Veterans can revive our economy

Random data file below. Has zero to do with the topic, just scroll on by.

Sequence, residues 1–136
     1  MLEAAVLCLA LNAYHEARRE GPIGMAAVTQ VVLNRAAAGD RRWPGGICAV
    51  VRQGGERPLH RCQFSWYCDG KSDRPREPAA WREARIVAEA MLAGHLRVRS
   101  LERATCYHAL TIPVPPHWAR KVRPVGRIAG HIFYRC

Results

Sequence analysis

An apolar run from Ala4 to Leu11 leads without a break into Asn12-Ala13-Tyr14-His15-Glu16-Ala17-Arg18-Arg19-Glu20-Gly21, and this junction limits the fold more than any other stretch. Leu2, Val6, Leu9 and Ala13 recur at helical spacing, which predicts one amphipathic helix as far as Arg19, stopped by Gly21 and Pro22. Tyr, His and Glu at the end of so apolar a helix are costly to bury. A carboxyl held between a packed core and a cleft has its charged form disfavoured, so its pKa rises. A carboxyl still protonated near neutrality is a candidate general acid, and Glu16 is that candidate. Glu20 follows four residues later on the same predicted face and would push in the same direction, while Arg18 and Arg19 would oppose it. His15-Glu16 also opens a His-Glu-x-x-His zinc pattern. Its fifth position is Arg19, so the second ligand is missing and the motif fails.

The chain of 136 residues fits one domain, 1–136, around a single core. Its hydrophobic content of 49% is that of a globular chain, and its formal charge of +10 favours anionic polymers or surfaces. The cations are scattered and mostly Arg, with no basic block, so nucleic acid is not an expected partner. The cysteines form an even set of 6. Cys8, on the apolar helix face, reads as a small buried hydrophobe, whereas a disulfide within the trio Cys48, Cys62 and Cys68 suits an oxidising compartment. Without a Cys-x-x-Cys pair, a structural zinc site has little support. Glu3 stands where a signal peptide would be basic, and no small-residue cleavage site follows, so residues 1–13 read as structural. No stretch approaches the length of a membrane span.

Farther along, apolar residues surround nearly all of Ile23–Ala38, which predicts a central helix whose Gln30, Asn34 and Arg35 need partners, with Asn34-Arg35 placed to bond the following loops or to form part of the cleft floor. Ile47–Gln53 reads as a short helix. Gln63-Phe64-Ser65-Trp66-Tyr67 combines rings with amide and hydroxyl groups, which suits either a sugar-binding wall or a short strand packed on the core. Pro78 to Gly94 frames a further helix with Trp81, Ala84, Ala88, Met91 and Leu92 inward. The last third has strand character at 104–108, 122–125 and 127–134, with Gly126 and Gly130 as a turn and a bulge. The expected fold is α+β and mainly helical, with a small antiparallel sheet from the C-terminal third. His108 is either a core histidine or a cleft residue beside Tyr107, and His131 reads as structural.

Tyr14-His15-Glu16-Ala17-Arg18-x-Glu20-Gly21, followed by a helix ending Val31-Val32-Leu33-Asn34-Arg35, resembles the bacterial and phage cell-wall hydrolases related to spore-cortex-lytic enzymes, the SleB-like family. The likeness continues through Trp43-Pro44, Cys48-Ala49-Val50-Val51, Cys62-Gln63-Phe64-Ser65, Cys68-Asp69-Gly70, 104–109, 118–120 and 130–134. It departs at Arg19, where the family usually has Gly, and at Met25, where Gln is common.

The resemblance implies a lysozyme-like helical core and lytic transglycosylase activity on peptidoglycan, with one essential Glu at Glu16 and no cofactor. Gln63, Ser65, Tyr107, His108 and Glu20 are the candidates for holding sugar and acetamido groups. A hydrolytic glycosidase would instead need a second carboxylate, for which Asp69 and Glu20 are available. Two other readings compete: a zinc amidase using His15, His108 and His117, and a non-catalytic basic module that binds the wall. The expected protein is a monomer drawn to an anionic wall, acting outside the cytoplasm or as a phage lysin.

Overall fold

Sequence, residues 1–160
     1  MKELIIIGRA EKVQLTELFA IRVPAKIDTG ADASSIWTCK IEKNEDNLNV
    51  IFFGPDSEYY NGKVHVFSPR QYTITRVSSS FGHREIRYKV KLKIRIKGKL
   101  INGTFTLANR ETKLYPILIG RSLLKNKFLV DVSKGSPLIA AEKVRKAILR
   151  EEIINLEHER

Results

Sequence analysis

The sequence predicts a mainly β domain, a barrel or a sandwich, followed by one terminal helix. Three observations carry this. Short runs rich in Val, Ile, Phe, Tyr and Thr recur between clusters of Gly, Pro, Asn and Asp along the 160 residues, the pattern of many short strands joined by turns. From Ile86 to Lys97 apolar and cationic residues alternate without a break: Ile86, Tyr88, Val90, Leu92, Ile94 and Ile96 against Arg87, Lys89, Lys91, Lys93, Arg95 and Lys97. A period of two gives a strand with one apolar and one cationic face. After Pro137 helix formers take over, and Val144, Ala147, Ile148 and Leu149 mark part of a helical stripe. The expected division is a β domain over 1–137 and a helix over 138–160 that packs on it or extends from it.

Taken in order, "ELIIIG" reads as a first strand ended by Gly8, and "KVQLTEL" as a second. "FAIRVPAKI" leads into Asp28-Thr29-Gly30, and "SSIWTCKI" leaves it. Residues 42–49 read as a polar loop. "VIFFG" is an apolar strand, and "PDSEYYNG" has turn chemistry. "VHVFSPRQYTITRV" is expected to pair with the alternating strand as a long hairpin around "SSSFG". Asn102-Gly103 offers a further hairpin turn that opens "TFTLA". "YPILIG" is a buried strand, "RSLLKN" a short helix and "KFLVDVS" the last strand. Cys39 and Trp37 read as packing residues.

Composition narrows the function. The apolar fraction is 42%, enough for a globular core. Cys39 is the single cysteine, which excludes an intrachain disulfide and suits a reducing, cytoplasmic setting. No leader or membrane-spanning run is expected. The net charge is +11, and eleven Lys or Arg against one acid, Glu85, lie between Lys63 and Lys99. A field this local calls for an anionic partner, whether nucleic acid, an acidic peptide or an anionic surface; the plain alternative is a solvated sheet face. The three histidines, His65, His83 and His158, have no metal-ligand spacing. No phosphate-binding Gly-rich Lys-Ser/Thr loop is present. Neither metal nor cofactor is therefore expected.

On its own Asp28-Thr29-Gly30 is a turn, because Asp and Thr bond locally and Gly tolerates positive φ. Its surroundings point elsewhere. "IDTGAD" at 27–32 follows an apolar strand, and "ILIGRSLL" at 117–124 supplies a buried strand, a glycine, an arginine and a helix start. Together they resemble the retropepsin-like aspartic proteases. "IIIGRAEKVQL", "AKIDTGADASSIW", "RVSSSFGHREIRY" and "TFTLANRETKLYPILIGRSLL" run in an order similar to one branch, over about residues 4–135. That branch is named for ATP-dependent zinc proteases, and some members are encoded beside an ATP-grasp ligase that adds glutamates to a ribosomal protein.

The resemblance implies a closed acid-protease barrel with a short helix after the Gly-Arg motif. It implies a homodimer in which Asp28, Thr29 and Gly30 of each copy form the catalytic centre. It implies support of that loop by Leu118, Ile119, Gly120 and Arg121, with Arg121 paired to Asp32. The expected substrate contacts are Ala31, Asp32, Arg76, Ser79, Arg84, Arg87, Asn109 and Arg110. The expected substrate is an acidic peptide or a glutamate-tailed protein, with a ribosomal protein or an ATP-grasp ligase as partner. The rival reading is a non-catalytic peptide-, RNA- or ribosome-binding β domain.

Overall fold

Let’s turn back the clock to a pivotal moment in American history. World War II was winding down. Millions of young veterans were coming home from the great theaters in Europe and Asia. Many of them entered service as their family farms were failing. Foreclosures were rampant, and jobs were scarce. America had yet to recover from the Great Depression. During the war, families rationed food, gas, metal and other materials for the effort, maintaining vigilance and austerity.The first generation of Legionnaires had a masterful plan to absorb the shock of so many veterans re-entering the civilian economy. They pushed through a GI Bill of Rights that sent millions to college, made home ownership affordable and offered job-training initiatives that replaced uncertainty with prosperity. Around the same time, another measure to help bridge the economic gap between war and peace was passed: the Veterans Preference Hiring Act of 1944.The spirit behind that law was clear. Those who risked their lives in uniform for our nation deserved a better shot than others at getting jobs in the federal government. In practical terms, that means veterans were to receive bonus points when their applications were graded for positions in federal agencies or offices.We all know what the GI Bill meant for the U.S. economy. It fueled a half-century of growth and created the middle class. And while it has needed updating at times, it remains a prominent reason for joining the military and a viable contributor to the U.S. economy.Not so with the Veterans Preference Hiring Act. It disturbs me to hear that only about 30 percent of the Department of Veterans Affairs work force is composed of veteran employees. At a time when veteran unemployment is outpacing that of the general population, the U.S. government must do a better job of fulfilling the spirit of the Veterans Preference Hiring Act. The percentage of veterans working at VA should be 75, not 30. Likewise, laws that require just 3 percent of U.S. government contracts to be awarded to disabled-veteran-owned businesses can no longer be ignored, as they currently are.There are many reasons for the breakdown. Foremost is communication. Veterans are not adequately notified about job or contract opportunities available in the federal government. Some agencies have failed to publicize job opportunities, as required by law, that could be fulfilled by veterans. Contract procurement is too great a mystery for too many veterans. In today’s environment of instant mass communication, there is no reason veterans should be left in the dark about opportunities.The American Legion testified before Congress in May that programs must be provided to better train veterans for government employment, and to reach out on contract procurement. Obama has established task forces to close these gaps. VA Secretary Eric Shinseki has made economic recovery – particularly for homeless veterans – among his highest priorities. And I have created a special American Legion committee to accelerate the effort – as partners, not adversaries – to help bring the federal government into compliance with its own laws and finally fulfill the spirit behind them.